Where are you from and where do you currently reside?
I grew up in Western Massachusetts, in a small town. After a number of years bouncing around from city to city, I’m now back in Western Mass. in a slightly less small town.
Who are some of your favorite artists?
These days I look at a lot of painters, Thomas Eakins and Edward Hopper being my two favorites. They both had an amazing ability to put so much into simple everyday happenings, which is pretty much what I’m looking for in my pictures. As far as photographers go, I’ve always been Robert Frank fan. Larry Sultan was an amazing teacher and remains a huge inspiration. Alec Soth, Jack Pierson, the list could go on.
It’s hard for me to divorce myself from the people and places and moments and memories that are behind all the images, which is why I think it might be a document of my life. If you don’t know the people or places, then the story is yours to create and you are free to create your own truth.
Many of your photographs include bodies of water and bodies in water. Are you an avid swimmer?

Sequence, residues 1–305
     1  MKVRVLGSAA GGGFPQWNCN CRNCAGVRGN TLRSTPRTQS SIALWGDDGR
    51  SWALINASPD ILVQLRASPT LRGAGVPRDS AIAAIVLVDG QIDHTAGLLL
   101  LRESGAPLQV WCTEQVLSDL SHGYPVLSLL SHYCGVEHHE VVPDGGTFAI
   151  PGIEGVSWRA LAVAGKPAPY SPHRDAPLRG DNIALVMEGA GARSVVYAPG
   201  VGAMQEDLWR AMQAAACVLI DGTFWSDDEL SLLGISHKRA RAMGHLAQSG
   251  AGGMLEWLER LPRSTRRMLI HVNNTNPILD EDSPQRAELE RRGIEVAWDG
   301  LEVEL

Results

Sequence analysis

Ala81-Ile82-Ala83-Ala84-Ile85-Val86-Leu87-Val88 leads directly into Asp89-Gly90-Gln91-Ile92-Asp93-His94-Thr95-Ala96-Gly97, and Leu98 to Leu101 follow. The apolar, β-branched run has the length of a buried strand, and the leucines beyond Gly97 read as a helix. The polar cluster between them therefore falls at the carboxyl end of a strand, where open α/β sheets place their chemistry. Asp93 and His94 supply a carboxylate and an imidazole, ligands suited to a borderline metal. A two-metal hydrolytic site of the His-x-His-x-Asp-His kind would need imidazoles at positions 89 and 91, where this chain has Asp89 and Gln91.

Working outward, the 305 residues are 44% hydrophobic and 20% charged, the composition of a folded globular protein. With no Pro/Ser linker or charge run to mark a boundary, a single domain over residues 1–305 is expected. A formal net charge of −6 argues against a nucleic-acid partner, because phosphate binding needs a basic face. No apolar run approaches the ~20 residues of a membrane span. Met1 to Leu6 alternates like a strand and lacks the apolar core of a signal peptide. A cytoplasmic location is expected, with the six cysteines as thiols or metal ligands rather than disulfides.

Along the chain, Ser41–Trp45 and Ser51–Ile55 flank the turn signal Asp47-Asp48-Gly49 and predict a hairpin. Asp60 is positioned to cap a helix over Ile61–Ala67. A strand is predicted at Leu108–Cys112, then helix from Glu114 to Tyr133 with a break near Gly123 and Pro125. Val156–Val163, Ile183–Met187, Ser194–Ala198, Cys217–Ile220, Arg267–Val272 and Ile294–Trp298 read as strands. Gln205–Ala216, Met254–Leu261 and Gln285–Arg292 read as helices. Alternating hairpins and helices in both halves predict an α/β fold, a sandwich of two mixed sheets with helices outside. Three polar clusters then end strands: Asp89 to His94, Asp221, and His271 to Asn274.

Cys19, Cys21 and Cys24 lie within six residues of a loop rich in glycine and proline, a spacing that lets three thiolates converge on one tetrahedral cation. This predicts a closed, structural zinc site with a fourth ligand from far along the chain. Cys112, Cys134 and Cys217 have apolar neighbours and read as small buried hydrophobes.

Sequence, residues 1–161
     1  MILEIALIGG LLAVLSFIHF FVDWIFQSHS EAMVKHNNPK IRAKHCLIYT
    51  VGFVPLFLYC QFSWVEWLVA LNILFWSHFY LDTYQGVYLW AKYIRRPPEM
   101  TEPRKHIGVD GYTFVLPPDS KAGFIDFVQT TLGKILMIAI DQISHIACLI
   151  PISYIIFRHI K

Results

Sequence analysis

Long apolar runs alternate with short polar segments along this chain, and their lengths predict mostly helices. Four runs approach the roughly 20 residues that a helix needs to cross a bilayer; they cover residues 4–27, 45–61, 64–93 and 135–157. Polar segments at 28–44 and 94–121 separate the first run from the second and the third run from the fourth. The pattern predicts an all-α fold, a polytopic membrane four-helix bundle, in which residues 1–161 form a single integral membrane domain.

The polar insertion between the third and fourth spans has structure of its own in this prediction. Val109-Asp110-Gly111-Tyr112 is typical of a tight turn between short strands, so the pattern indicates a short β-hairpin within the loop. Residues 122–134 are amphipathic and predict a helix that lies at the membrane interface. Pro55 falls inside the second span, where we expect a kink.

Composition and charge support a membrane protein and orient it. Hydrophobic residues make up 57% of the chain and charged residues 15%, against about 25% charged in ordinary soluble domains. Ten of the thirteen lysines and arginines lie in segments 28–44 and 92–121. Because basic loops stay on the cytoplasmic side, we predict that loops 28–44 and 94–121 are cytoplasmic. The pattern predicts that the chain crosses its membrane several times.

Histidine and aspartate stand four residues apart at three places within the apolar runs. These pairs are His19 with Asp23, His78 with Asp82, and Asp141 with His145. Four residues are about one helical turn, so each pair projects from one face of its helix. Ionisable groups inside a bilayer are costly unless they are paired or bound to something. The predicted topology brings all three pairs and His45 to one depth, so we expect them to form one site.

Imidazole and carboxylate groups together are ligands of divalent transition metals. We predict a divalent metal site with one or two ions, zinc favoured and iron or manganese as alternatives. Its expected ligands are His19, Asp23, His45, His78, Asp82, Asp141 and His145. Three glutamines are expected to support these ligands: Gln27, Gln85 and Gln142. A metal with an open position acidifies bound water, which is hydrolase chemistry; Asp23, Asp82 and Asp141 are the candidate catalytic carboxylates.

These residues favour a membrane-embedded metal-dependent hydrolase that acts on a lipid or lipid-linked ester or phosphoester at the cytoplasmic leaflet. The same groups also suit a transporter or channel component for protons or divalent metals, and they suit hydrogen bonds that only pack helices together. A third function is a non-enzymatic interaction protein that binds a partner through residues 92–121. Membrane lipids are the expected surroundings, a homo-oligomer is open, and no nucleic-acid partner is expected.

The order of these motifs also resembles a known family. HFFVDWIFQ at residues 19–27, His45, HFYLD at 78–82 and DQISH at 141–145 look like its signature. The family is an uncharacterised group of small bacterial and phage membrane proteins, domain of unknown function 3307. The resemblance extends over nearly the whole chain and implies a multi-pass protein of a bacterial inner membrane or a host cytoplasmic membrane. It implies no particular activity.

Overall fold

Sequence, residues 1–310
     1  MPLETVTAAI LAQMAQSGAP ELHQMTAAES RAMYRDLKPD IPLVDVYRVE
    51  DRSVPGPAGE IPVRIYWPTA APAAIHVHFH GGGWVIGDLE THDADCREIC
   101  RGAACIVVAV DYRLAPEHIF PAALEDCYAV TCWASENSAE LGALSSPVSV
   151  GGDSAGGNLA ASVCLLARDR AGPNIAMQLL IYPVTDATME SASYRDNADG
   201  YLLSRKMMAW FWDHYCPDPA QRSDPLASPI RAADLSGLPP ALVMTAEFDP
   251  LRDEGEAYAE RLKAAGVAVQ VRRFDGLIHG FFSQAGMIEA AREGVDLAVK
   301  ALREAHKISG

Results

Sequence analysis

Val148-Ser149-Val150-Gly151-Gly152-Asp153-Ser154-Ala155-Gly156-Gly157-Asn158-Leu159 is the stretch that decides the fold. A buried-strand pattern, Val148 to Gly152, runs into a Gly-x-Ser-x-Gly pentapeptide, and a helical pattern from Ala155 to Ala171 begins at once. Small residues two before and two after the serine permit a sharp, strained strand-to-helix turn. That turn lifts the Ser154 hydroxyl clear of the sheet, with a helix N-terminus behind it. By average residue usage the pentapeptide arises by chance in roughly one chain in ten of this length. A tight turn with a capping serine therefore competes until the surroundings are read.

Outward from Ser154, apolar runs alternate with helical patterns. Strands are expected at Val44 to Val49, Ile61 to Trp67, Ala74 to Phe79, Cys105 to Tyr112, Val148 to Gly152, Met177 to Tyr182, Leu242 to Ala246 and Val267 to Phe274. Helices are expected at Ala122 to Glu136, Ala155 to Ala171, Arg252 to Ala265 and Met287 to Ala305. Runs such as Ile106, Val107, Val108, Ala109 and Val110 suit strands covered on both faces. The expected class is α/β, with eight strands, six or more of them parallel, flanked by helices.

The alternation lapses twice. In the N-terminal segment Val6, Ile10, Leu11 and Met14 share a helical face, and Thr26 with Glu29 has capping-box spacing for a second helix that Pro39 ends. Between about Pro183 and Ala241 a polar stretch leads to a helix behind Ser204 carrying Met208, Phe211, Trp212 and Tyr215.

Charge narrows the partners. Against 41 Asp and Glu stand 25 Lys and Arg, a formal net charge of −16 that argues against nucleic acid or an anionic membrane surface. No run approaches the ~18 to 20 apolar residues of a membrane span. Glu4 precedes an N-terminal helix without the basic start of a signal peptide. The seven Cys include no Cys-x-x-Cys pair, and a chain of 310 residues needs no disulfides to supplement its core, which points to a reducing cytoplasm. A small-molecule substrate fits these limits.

I’ll just say that I swim. I’m no Michael Phelps. To me swimming and water are about innocence and a retreat from the world. I had been taking pictures of water for a long time before I saw Eakins’ painting "Swimming", but that picture really opened my eyes to what I was trying to do. Until then I just thought it was a good idea to go swimming on hot days, (which is part of it) but the metaphor of water and swimming becomes so apparent in the simplicity and ease of the boys in Eakins’ painting.
In the introduction of your book Pattern Language, you make a distinction between reality and truth saying that reality is what happened, whereas truth is how it was captured in one’s memory. Your portraits are intimate and familiar, and it is clear that the world depicted is your truth. At the same time, your work creates an alternate nostalgia and, in some ways, a fantasythe America you don’t know, the friends you wish you had, etc. Do you consider your work documentary or fantasy, or both?
It’s definitely both. It might just be documentary to me, but at the same time it is also a fantasy. Nostalgia is, in its essence, a fantasy – the wish for the good ol’ days. It’s hard for me to divorce myself from the people and places and moments and memories that are behind all the images, which is why I think it might be a document of my life. If you don’t know the people or places, then the story is yours to create and you are free to create your own truth.
What is something people would be surprised to discover about you?
Despite what my pictures might tell you, I can’t leave the house without showering and working on a crossword puzzle.
DISCOVER WORKS BY NICK MEYER